“These two groups would lead the singing, and everyone in the congregation joined in. Preachers would serve several churches. They were called horseback or traveling preachers. Outside the front door stood a massive chestnut tree with a church bell hanging in it. It is said its rich tones could be heard six miles away across Rocky River.” [This church building was used until a new building was constructed around 1904. It was at that time the church name was changed to Big Lick Baptist Church.]
“The Deacons were the governing power of the church and made decisions about misconduct of church members. There was no arguing and fussing in the church, or unbecoming conduct. If so, the members would be turned out until the disagreement was settled. Old records show that many were turned out and later reinstated in the church. Records also show that the offering was very small, due to the fact that most all members were farmers. One week it was only thirty-five cents.”
P.G. Hartsell served his first term as pastor at Mount Olive Church from 1887 to 1889 when he was 35 years-old. It was during this time that Rev. Brantley York was a guest preacher at the church. He started Trinity College which eventually became Duke University. P. G. served two more pastoral terms, from 1898 to 1900 and 1901 to 1902. He was also served as church clerk in 1908. He and his wife Maggie were dedicated Bible readers and raised their children to do the same.
Things changed dramatically in Big Lick about 1916 when the railroad came to town. The Norfolk-Southern railroad originally planned to lay track through Big Lick, but the path was later moved a few miles down the road to Furr City, now the town of Oakboro. Most of the businesses left Big Lick and moved to Oakboro to benefit from the new railroad traffic. It seems that a new church was needed because of the migration for in that same year P.G. was one of four ministers who organized a new church—First Baptist Church of Oakboro. It was a one room frame building on Main Street.
The North Carolina legislature revoked the Big Lick town charter in 1918. Very few of the original town buildings and homes remain today. P.G. and Maggie’s home was eventually destroyed by fire, but part of their general store functions to this day as a barber shop. The Big Lick Baptist Church and the First Baptist Church of Oakboro are still active today.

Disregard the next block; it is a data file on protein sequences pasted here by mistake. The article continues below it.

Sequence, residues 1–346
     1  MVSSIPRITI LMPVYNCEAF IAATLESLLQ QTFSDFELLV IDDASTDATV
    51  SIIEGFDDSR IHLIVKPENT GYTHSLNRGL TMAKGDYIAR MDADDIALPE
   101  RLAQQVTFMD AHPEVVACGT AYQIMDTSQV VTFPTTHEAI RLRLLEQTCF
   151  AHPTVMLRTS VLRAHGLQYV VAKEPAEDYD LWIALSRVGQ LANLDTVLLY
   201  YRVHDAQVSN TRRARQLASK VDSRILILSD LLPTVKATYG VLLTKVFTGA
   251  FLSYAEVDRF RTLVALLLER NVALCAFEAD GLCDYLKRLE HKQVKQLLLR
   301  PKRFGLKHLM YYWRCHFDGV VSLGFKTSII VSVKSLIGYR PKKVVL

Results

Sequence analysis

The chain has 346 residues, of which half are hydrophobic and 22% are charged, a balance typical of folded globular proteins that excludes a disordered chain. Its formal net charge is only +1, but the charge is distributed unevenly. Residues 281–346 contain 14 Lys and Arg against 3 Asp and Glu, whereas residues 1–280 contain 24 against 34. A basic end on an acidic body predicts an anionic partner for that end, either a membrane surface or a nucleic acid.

Pierce and Maggie raised a large family and successfully passed along to their children the faith that meant so much to them. Francis Eleanor “Fannie” Hartsell (2 Sep 1875—22 September 1940) married Hugh Alson Helms (9 December 1868—14 May 1938) on March 13, 1892, and their offspring included Bascom Alson, Wade Leander, , Kenneth H., Leona M., Claude Hartsell, Curtis, Dewey, Amon Pearson, Hubert, Edwin Hight , Nellie “Fannie”, and Eustus. Olive Hartsell (10 June 1877—7 July 1885) died in childhood. Lucy Brantley Hartsell (25 May 1879—28 December 1962) married first Kirkland Lafayette Hathcock (1 March 1870—c1906) on July 22, 1893 and then PFC George M. Denson (c1887—30 Aug 1958) on November 17, 1908. From her first marriage Lucy had Sallie M., Hobson D., Hugh T., and Cora Lincoln, also known as “Fay." Cora N. Hartsell (11 August 1881—19 May 1905) married M. Fillmore Huneycutt (1875—) on July 30, 1899. Birtie A. Hartsell (20 August 1883—17 June 1884) died in infancy. Rev. Wallace Howell Hartsell (8 April 1885—9 September 1932) married Bessie Victor Wooten (31 August 1882—16 August 1956) on January 18, 1905, and had four children: a daughter, Ollie B. (7 Feb 1900—12 April 1900) died in infancy; Emma Margaret (16 July 1909—1986); Wallace Harold (February 23, 1912—October 1, 1912) died in infancy; and Dr. Bruce Victor Hartsell (July 13, 1914—1986) who carried on the family tradition of pastoring. Dalla Sophronia Hartsell (25 August 1887—19 April 1982) married Private John Marion Seago (19 December 1879—2 June 1924) on November 12, 1905, in Stanly County. You can read more about them here. Bascom M. Hartsell (10 June 1890—10 February 1892) died as a toddler. According to Bruce V. Hartsell, P. G. and Maggie had twin girls in 1892 who both died about 1902. Rev. Paul Gamaliel Hartsell (9 January 1894—1 August 1978) married and had four children: Frances Pauline, Dr. Harold McPherson, Charles Kent, and Caroline. Rev. Pruett Pearson Hartsell (2 December 1899—28 June 1977) married Gladys Zora Belle Morgan (14 December 1901—) and had Gaither Wilson, Effie Marguerite, and Gladys Yvonne.